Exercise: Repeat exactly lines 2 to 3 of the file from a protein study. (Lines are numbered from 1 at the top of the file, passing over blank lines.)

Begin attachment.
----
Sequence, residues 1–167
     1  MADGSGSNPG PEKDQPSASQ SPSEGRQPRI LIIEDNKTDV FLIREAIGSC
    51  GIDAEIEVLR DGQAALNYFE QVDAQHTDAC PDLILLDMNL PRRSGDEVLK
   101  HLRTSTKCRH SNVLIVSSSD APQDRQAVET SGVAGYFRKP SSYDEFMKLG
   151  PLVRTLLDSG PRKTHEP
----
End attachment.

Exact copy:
     1  MADGSGSNPG PEKDQPSASQ SPSEGRQPRI LIIEDNKTDV FLIREAIGSC
    51  GIDAEIEVLR DGQAALNYFE QVDAQHTDAC PDLILLDMNL PRRSGDEVLK